Alliance for Girls Investigates COVID’s Impact on Diverse CA Girls

Alliance for Girls (AFG), a California-based network of girls-serving organizations, wants state and local leaders to pay more attention to the needs of girls—particularly Black girls and girls of color—in the midst of the COVID-19 pandemic.

Photo Credit: Alliance for Girls
Alliance for Girls’ Movement for Equity Conference, October 2019

To investigate this issue further, Alliance for Girls has launched “When Girls Thrive,” an initiative researching and advocating for an expanded understanding of how girls are being impacted by COVID. It includes an online survey, and addresses the lack of data on the needs and experiences of girls and gender-expansive youth up to 24 years of age. This group is particularly vulnerable during this time of increased health risks, extended isolation, and significant disruption and barriers to education and work. Such challenges are even more extreme for Black youth and youth of color.

Related: Equal Rights Amendment Can’t Wait in Time of COVID

Girls and gender expansive youth from across California can participate in the When Girls Thrive initiative by taking the new survey now.

AFG’s initial survey of girls was conducted by its paid youth research team and began in March 2020. It includes responses from nearly 1,000 girls across Northern California, and showed that eight percent of girls across California don’t have a safe place to live (for Black girls the figure is 12 percent). Additionally, 14 percent of respondents don’t have access to food or groceries, with Black, Indigenous, and girls of color reporting not meeting basic needs like food, money, toiletries, period products and contraception at a higher rate than white respondents (Latinx respondents indicated the highest overall need).

Mental and emotional health has also been affected by COVID. Ten percent of all respondents, and 13 percent of Black respondents, lack a single caring adult in their lives. Finally, 12 percent of all respondents, 15 percent of Black or African American, and 16 percent of multiracial respondents reported not having access to a private space to communicate with a caring adult or friend.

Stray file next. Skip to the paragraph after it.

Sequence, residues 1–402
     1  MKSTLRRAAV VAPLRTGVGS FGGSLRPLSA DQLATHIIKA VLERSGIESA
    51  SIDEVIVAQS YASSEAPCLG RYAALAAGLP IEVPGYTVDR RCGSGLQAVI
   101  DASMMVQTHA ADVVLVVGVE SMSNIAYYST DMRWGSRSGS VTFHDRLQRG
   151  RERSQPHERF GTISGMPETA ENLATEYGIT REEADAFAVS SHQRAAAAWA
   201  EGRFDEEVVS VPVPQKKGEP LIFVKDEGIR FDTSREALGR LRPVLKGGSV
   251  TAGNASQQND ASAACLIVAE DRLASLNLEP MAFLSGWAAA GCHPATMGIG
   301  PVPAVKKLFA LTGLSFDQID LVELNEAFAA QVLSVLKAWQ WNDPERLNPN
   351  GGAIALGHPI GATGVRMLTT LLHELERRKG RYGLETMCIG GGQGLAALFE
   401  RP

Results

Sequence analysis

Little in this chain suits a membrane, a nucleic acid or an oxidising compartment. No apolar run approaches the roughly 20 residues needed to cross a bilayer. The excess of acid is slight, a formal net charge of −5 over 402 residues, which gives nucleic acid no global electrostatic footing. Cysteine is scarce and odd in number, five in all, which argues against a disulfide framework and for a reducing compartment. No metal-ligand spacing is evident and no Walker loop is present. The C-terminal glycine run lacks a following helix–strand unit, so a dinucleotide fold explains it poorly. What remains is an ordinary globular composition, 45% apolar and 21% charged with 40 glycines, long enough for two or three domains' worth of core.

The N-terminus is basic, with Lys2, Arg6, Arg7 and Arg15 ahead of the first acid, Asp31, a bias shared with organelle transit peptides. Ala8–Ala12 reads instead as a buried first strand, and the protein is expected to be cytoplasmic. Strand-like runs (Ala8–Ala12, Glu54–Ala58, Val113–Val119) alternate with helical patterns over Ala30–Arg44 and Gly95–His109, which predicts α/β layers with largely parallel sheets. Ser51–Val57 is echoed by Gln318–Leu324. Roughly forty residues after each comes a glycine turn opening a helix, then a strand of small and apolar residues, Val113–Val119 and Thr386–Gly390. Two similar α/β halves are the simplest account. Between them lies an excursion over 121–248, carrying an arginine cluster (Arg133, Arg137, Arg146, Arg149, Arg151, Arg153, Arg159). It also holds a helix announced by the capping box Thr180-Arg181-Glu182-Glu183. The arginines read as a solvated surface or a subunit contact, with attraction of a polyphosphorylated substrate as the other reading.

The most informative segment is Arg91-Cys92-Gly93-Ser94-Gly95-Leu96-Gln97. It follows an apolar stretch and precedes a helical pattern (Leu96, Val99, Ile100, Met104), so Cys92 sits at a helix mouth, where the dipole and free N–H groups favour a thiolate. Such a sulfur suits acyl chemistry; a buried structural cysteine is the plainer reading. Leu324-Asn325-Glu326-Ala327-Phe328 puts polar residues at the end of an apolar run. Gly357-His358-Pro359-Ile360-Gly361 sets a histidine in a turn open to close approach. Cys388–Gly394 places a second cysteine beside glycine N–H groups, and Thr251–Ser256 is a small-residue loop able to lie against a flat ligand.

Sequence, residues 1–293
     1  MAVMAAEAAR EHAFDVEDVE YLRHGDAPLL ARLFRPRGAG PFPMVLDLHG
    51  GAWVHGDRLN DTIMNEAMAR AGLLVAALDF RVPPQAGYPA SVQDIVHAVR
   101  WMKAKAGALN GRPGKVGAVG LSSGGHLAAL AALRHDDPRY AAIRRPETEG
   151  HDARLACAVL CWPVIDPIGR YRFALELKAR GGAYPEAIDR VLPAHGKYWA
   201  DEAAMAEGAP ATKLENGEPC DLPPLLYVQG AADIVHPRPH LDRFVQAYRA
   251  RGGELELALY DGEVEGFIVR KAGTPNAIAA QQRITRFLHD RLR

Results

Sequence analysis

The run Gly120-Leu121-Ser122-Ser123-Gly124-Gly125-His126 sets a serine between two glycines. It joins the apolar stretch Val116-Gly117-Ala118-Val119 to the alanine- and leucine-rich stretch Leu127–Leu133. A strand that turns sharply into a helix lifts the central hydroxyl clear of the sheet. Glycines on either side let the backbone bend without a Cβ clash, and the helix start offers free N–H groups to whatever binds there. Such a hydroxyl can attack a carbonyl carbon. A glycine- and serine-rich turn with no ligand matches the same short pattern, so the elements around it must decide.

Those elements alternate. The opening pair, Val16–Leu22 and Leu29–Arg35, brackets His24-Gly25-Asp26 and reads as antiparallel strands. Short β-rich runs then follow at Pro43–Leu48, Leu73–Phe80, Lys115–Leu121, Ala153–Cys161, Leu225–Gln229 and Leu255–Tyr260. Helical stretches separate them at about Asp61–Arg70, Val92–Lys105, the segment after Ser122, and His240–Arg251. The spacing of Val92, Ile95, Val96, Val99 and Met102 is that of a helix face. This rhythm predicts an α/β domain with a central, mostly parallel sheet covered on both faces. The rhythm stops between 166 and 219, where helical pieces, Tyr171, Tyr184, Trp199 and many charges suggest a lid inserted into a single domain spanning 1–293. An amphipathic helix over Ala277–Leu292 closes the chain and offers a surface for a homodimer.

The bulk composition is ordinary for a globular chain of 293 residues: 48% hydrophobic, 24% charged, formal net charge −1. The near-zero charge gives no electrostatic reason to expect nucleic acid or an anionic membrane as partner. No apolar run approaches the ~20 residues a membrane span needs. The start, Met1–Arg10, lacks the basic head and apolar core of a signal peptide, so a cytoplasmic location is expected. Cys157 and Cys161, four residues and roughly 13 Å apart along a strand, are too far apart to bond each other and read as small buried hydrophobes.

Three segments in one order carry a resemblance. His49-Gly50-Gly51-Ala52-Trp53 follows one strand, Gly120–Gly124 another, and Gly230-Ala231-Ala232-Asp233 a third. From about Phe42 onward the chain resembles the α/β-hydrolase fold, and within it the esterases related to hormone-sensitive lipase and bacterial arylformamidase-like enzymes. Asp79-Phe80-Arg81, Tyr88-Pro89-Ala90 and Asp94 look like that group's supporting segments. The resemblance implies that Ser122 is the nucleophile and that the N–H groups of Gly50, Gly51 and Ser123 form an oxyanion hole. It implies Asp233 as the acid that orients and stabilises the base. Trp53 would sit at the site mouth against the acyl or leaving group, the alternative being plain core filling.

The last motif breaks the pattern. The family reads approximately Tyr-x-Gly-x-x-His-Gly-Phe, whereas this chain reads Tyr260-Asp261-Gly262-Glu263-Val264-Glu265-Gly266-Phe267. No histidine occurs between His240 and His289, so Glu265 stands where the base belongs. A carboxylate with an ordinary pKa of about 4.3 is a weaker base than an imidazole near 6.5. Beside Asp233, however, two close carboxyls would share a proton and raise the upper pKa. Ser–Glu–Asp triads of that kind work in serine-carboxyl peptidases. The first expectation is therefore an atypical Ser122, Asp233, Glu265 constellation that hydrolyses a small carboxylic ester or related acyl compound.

“In times of crisis, the needs of girls are too often ignored, to the detriment of us all,” said Emma Mayerson, Alliance for Girls founding executive director. “Even during this challenging time, girls are showing incredible resilience and leadership. To make our communities stronger, we must invest in girls by listening to their needs, including them in decision-making that directly impacts their lives, and investing in the ecosystem of champions – individuals, organizations and schools – they depend on.”

AFG notes that the pandemic has led to a major reduction in mental, emotional and physical supports for girls. Of the approximately 50 girls organizations AFG surveyed, 72 percent are “open” online, seven percent have an open physical location and 26 percent are closed altogether.

In response, the Alliance for Girls statewide When Girls Thrive coalition will work proactively with California policymakers and other important stakeholders to address girls’ needs during COVID-19 and in the recovery, with the long-term vision of creating equitable communities in which every girl thrives. The initiative also hosts regular online events for girls’ champions, elected and community leaders, members of the media, and adult allies.

Related: California Gender Justice Funders Launch $10 Mil Culture Change Fund

Alliance for Girls is a membership-based San Francisco Bay Area-based association. It is the largest regional alliance of girl-serving organizations, which now includes 200 organizations and individuals that employ 2,400 people with more than 5,100 volunteers serving more than 300,000 girls across six Bay Area counties.

Alliance for Girls is advocating for increased focus on Black girls and girls of color to ensure their well-being during COVID. (Image Credit: Alliance for Girls)

“In this moment, our girls and gender expansive young people are struggling like never before, and so are the organizations upon which they depend,” said Elmy Bermejo, Northern California Director – External Affairs, Office of Governor Gavin Newsom, and When Girls Thrive coalition member. “If girls’ needs and leadership are not centered in the response to this ongoing public health and economic crisis, they will be forgotten and the organizations they rely on will disappear. We refuse to let this happen and I’m honored to join this incredible group of leaders to advance a girls policy agenda in California.”

Finally, the AFG initiative is also providing directed financial support to young women, girls and gender expansive youth by hiring young women to be youth researchers and providing up to $50 to a select number of respondents (up to $30,000), thanks to funding by the Blue Shield Foundation of California and the Firehouse Fund: Cultivating Sparks. Alliance for Girls is actively seeking additional funding to expand the survey to reach more girls statewide.

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Author: Tim Lehnert

Tim Lehnert is a writer and editor who lives in Cranston, Rhode Island. His articles and essays have appeared in the Boston Globe, the Providence Journal, Rhode Island Monthly, the Boston Herald, the Christian Science Monitor, and elsewhere. He is the author of the book Rhode Island 101, and has published short fiction for kids and adults in a number of literary journals and magazines. He received an M.A. in Political Science from McGill University, and an M.A. in English from California State University, Northridge.

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